But Lingle and Murdock and later Gov. Neil Abercrombie made a fundamental and ultimately project-killing mistake. They completely underestimated (did they even consider?) the community’s opposition to losing its identity and more than 20,000 acres of land of significant cultural, historic and recreational value to 170 giant turbines.
Murdock’s arrogance during this time was palpable: how could a plantation town not do what its feudal lord wanted? How could “his” people not get behind making him money? How could the state’s monopoly utility get the power it needed if not from Lanai’s unused (read: undeveloped) hills? How could powerful legislators and government officials not support this?
And so, the battle was joined — at the dinner tables where brothers and sisters publicly disagreed with each other whether what was good for Murdock was good for the island; parents argued with their children, friends with friends.
Looking back at this period, it’s clear that Big Wind’s biggest impact was to shred the social fabric of this small, rural island that had sustained it since the 1920s when the Dole Planation opened for business.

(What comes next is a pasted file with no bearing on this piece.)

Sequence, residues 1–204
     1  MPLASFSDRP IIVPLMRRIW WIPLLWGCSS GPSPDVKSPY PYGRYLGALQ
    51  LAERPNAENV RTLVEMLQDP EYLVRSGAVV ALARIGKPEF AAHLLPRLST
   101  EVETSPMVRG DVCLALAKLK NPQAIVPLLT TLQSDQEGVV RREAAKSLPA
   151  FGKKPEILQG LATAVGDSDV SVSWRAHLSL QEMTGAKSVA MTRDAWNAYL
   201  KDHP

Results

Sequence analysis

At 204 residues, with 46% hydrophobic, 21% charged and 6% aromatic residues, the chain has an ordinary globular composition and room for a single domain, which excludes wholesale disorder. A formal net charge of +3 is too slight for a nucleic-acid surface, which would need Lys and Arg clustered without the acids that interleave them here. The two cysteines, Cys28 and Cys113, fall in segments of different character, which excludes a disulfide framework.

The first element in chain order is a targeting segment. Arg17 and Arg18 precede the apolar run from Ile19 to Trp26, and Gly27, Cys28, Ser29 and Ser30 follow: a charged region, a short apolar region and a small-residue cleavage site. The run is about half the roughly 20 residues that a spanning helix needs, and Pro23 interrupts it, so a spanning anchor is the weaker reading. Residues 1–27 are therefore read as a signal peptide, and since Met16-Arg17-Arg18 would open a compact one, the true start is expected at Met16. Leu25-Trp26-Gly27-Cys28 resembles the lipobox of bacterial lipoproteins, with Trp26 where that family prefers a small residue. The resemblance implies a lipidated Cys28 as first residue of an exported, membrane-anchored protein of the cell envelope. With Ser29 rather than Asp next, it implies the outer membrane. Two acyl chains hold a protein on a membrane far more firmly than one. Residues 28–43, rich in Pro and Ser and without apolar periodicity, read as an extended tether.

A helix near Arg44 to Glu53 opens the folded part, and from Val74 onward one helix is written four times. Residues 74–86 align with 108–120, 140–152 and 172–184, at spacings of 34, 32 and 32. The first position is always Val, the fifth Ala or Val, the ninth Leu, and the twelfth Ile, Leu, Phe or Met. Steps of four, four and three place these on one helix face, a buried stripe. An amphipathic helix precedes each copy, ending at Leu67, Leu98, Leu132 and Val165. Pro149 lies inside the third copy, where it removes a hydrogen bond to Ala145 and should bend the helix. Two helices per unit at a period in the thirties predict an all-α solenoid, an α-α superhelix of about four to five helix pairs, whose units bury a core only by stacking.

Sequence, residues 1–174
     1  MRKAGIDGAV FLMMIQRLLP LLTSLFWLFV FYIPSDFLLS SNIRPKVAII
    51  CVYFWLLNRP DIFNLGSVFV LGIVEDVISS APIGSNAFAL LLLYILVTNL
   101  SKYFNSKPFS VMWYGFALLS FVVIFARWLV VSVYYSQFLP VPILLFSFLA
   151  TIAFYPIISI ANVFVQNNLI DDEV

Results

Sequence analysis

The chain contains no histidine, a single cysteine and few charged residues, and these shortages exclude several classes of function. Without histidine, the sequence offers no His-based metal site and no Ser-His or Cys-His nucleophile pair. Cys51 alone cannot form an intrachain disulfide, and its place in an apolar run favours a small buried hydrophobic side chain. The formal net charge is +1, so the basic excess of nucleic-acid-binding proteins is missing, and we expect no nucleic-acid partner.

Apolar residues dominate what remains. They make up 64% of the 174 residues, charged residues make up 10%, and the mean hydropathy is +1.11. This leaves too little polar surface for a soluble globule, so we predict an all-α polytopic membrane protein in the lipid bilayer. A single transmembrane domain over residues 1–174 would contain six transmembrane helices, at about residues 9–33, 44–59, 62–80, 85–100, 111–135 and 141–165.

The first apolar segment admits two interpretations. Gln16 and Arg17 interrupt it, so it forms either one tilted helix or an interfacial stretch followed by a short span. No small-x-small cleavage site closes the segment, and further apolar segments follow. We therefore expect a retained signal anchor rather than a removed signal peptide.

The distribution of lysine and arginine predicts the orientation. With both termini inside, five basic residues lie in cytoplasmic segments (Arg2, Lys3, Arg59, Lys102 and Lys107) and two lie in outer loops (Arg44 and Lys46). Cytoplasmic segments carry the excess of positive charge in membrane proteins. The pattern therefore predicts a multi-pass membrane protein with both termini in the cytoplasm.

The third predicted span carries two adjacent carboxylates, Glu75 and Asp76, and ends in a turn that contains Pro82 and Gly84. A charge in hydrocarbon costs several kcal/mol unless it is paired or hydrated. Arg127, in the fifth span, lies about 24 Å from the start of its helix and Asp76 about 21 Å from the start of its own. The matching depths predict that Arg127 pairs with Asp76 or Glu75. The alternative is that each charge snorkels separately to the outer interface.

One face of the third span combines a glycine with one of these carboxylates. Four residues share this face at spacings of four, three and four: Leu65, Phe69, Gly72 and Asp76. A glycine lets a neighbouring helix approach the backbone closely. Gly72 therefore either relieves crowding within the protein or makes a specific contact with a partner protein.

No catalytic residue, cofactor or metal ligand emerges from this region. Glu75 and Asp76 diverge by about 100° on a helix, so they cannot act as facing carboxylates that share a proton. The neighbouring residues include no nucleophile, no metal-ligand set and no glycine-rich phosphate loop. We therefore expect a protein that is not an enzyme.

There were key moments in the State Capitol’s square building: first a meeting in Gov. Abercrombie’s office with a contingent of Lanai residents who had formed Friends of Lanai to support each island’s energy independence and to oppose Big Wind (folks on Molokai, also an early target of Big Wind, formed their own group, I Aloha Molokai).
Abercrombie didn’t show, instead sending out his chief of staff. Unhappy with this slight, one of FOL’s supporters made it clear he had not come all this way for nothing, he “wanted to speak to the horse’s head, not his ass.”
Next, off to a chat with then-Sen. David Ige who told us that he’d been involved in the project’s very early planning stages, and had always thought it a bad idea. Ultimately three valiant Legislators would vote “no” on the (now-repealed) undersea cable bill that enabled Big Wind, while 11 not-so-brave lawmakers hid behind a vote of yes, “with reservations.”